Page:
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Hawking radiation in the laboratory: quantum field theory in singular media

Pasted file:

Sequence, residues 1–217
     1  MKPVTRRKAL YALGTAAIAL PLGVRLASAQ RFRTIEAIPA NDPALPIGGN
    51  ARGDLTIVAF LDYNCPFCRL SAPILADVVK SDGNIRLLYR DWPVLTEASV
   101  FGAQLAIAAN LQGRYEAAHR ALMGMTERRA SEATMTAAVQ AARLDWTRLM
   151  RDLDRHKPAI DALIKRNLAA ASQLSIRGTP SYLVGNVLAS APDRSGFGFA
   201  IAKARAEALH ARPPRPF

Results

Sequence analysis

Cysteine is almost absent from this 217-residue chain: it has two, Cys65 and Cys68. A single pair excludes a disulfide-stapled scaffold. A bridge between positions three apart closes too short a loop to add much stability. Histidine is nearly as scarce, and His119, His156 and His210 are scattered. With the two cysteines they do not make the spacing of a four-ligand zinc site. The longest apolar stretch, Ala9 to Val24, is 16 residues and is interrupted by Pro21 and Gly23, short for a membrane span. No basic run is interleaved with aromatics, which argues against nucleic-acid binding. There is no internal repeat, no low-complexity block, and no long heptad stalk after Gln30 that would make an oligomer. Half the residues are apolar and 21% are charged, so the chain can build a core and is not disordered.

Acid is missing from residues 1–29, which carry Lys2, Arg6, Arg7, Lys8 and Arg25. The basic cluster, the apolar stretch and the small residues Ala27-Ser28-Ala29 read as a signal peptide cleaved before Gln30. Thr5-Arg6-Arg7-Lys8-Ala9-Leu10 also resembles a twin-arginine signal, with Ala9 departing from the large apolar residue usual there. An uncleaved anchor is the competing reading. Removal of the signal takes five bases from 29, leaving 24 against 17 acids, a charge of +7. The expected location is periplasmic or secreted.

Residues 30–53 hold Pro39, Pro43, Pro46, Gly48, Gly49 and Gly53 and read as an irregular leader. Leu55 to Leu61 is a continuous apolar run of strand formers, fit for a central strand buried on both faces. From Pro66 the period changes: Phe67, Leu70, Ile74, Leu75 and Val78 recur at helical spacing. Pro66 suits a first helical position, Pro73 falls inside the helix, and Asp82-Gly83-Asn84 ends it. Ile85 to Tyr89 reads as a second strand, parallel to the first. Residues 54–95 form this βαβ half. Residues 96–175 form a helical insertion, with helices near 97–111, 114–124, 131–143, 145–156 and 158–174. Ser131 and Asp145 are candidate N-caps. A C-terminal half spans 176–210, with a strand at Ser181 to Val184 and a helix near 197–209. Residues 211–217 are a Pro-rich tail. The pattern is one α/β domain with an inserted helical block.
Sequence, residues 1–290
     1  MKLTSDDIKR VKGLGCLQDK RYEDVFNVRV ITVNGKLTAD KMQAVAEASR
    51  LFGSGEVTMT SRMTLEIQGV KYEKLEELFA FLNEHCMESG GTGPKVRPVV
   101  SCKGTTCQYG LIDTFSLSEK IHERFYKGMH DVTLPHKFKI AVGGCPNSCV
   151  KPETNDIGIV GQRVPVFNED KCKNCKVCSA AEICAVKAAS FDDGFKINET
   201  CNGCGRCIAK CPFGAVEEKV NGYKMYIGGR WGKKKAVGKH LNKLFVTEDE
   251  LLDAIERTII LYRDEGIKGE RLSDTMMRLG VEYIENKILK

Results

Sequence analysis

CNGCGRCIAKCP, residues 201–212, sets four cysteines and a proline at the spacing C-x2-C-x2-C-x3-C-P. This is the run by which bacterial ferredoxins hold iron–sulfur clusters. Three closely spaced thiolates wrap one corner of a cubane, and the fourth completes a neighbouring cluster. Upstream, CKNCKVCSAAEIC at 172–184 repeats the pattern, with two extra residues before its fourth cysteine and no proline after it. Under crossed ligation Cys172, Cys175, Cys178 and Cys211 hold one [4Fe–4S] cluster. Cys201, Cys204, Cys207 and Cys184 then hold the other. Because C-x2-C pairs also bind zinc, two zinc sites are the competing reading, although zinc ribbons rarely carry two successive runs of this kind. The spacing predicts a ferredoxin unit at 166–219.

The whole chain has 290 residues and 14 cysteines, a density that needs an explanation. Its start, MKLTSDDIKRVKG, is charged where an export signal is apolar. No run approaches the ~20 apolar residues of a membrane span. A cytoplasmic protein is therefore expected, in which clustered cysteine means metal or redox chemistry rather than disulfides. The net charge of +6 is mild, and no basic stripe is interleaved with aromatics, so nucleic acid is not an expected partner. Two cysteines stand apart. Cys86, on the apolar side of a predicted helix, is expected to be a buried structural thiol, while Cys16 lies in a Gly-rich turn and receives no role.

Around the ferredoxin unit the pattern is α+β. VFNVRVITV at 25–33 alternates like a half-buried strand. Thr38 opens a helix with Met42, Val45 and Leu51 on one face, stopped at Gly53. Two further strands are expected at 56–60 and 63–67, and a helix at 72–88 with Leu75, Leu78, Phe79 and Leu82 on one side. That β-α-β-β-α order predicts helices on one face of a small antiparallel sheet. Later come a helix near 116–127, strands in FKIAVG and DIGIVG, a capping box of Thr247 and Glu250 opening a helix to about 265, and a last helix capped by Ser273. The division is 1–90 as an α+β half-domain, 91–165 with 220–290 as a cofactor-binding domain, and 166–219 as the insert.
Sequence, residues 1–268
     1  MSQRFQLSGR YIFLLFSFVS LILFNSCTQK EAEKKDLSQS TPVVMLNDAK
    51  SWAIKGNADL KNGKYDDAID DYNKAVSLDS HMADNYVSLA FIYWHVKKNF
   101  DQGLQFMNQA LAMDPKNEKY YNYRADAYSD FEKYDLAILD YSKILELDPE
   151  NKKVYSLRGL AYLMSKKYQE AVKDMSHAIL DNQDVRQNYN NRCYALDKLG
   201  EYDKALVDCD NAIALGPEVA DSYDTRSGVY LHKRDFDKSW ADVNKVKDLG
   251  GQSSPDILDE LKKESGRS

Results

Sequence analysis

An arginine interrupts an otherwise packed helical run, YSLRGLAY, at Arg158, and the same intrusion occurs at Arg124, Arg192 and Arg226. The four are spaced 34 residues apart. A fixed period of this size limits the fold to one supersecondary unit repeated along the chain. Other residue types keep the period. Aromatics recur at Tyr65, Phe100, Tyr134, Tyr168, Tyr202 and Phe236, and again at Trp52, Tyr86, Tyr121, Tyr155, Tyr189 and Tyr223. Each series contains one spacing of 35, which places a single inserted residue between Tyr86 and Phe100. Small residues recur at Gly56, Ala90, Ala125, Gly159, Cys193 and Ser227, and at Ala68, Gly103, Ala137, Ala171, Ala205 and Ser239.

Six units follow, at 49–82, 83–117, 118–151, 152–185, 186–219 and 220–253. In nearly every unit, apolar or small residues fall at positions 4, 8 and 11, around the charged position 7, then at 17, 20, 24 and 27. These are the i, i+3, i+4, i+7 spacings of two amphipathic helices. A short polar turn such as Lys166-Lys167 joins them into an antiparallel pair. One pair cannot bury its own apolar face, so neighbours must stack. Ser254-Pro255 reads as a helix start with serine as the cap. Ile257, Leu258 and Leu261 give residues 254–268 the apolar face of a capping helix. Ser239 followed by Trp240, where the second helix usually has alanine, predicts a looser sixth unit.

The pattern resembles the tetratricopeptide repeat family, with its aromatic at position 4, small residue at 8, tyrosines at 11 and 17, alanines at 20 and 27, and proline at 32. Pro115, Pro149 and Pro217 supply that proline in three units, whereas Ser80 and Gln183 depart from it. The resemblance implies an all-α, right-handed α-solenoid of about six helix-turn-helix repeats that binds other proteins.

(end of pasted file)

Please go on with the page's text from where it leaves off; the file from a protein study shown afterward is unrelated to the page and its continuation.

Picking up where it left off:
Quantum field theory and general relativity are two fundamental theories of modern physics. Experimental studies of quantum field theory in curved space-time, however, are not yet possible and seem extremely difficult. For example, the famous prediction of Hawking, the emergence of thermal radiation from the event horizon of aback hole, could not have been observed up till now. An alternative way of studying Hawking radiation and related phenomena is based on the analogy between gravity and moving media. Two decades ago Unruh pointed out the existence of an effective metric for sound waves in moving fluids. Recent advances in controlling quintile wave propagation in various media in the laboratory have revived interest in analogue Hawking radiation. Propagation of quintile sound-like excitations in moving Base-Einstein condensates is a promising candidate for such experiments. The event horizon corresponds to the surface where the fluid velocity crosses the local speed of sound. That point corresponds to singular behaviour in the wave equation. The wave catastrophe is avoided by the breakdown of the sound wave approximation and thus the effective metric. The related phenomenon in general relativity is known as the notorious trans-Planck Ian problem. In quantum fluids the next order of approximation is available and has been studied by us. Our aim is to extend our previous calculations based on a quasi-one-dimensional flow and linear velocity profile. We plan to consider the realistic cases and also 2D and 3D fluid geometries keeping in mind the possible experimental realizations. We intend to adapt the semi-classical methods we have developed during the past two years using the WKBsolution for the mode functions. Numerical solutions of the hydrodynamic and the Bogoliubov - de Gennesequations will be carried out to support the analytic theory. Various other laboratory systems have been proposed to show analogue Hawkins radiate#

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